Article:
Despite Josh’s assertion “it’s always been a dream of mine to play music with people that have as much of a thirst as these three guys do,” Anthony says, “Josh didn’t say yes. He wanted to think about it, which is an appropriate reaction to a big question.” Josh’s acceptance of the new role was, Anthony muses gently, “a blessing that turned into an amazing experience.”
During the years between Stadium Arcadium and latest releaseI’m With You there has been a lot of exploration on the individual members parts: Chad stretched his creative muscle with various side projects (including supergroup Chickenfoot); Anthony focused on his new role as a father and Balzary returned to school to study music composition.
Despite the new pursuits, when time came to reconvene in the bandroom, Chad says, some things remained unchanged. “The way we always do it is we all get in a room and play together. It sounds very simple, but it’s kind of a lost art with the way that technology’s taken over in the recording studio. Lots of bands do the drums, build a track, then send some files and all that. We’re just a simple, humble rock band. We just get in a room and play. It’s the vibe of the performance and the interaction with other musicians that’s what’s important for our group.”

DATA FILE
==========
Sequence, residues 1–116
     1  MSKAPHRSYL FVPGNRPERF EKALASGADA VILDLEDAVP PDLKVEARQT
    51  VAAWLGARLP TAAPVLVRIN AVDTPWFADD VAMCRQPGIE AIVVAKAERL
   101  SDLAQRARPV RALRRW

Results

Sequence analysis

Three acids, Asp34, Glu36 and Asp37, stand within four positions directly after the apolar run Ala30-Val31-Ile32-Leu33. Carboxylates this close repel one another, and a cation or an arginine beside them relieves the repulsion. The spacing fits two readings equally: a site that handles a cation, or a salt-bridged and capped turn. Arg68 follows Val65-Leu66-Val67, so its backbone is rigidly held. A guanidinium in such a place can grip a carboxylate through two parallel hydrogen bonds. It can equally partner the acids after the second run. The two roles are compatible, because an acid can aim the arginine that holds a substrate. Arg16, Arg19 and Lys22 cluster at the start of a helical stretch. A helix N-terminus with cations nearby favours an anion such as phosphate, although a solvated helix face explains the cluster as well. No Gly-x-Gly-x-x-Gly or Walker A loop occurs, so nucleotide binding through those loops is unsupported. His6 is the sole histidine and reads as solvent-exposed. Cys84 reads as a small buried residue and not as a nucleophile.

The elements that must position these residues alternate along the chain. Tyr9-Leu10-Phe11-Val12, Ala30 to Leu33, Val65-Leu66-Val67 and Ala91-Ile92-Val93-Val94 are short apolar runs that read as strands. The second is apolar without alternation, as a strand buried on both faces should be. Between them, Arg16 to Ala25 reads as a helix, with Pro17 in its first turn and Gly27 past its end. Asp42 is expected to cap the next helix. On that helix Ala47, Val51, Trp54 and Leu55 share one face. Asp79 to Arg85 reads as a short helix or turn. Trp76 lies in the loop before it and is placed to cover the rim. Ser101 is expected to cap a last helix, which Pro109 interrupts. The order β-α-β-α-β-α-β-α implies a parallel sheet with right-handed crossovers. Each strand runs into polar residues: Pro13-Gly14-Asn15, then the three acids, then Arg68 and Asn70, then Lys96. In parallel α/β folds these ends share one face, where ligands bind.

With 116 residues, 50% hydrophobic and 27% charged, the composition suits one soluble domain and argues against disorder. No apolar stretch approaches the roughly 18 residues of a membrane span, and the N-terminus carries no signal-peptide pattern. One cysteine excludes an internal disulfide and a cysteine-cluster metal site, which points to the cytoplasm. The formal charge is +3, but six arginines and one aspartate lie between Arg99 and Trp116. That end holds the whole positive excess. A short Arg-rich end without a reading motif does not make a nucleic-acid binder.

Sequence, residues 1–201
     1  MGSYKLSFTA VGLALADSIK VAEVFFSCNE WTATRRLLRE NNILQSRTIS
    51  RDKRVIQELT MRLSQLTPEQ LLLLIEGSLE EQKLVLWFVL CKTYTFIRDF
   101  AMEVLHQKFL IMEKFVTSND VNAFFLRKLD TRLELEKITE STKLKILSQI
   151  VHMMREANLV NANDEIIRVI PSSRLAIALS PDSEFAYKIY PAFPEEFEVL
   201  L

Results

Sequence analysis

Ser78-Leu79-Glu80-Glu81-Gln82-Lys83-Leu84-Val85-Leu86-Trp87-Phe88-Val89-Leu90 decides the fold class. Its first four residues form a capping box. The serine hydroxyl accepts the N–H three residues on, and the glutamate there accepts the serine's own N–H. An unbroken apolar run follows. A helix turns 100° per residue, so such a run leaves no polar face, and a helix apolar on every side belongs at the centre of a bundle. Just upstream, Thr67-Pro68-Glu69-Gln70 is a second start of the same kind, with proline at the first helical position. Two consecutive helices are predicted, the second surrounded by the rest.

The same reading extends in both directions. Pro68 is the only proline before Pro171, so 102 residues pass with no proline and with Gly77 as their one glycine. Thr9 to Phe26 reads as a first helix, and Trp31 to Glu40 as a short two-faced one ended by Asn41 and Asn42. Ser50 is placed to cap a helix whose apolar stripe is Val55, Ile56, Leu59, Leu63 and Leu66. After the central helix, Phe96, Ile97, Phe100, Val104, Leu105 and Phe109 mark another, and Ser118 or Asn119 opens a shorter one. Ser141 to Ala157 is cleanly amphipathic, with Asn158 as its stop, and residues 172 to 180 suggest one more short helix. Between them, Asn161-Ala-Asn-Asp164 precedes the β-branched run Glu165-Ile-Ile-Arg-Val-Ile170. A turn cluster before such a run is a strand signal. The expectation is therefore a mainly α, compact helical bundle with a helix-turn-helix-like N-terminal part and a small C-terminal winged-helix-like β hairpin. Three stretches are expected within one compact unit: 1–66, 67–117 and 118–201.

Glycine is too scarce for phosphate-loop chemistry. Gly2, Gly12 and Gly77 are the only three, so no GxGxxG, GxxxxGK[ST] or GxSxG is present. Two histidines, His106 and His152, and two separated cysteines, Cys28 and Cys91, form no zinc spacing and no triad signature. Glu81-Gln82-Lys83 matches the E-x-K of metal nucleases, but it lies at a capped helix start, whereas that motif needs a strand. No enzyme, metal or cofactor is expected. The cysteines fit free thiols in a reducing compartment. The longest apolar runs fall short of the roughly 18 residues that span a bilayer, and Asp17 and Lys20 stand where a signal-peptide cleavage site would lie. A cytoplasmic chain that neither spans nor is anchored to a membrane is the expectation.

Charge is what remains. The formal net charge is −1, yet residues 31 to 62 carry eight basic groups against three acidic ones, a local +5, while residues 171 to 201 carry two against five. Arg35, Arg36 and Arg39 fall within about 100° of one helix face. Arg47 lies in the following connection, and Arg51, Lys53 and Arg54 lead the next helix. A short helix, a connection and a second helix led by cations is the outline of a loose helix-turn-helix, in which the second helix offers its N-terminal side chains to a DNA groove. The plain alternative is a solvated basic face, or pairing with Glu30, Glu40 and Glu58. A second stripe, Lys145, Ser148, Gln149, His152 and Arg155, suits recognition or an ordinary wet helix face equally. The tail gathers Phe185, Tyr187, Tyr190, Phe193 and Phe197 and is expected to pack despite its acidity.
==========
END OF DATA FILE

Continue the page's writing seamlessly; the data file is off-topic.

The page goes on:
Flea agrees with a full heart: “It used to be with bands, it was all about the interaction of people playing together… but people aren’t doing it anymore. Even jazz guys are piecing and cutting. I’m not saying one’s better than the other, but it’s becoming rarer, and we really treasure it, playing together.” Making I’m With You, he says, “I’d look over at Josh while he’s rockin’, he’d pull some crazy face and I’m like, ‘Woah!’ It’s these intangible elements that we need to create art. Josh is the fucking greatest.” Flea leans forward to beam at Josh, who goes bright red. “He is just amazing.”
Anthony wryly suggests, “Let’s talk about him like he’s not here.”
A flustered Josh mumbles, “I’m very uncomfortable over here,” prompting a fawning coo from the boardroom table.